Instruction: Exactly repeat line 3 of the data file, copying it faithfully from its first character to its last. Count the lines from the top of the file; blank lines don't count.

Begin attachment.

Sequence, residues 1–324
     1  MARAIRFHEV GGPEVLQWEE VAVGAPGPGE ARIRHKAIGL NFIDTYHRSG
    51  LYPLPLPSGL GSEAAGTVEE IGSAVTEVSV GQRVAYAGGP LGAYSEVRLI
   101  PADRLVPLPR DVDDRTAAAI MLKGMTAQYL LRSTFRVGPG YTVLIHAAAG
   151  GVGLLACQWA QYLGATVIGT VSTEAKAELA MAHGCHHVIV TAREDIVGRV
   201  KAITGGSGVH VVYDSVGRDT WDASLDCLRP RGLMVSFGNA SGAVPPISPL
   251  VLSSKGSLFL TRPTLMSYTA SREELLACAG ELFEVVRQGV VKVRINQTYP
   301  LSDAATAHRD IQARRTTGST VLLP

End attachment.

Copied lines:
    51  LYPLPLPSGL GSEAAGTVEE IGSAVTEVSV GQRVAYAGGP LGAYSEVRLI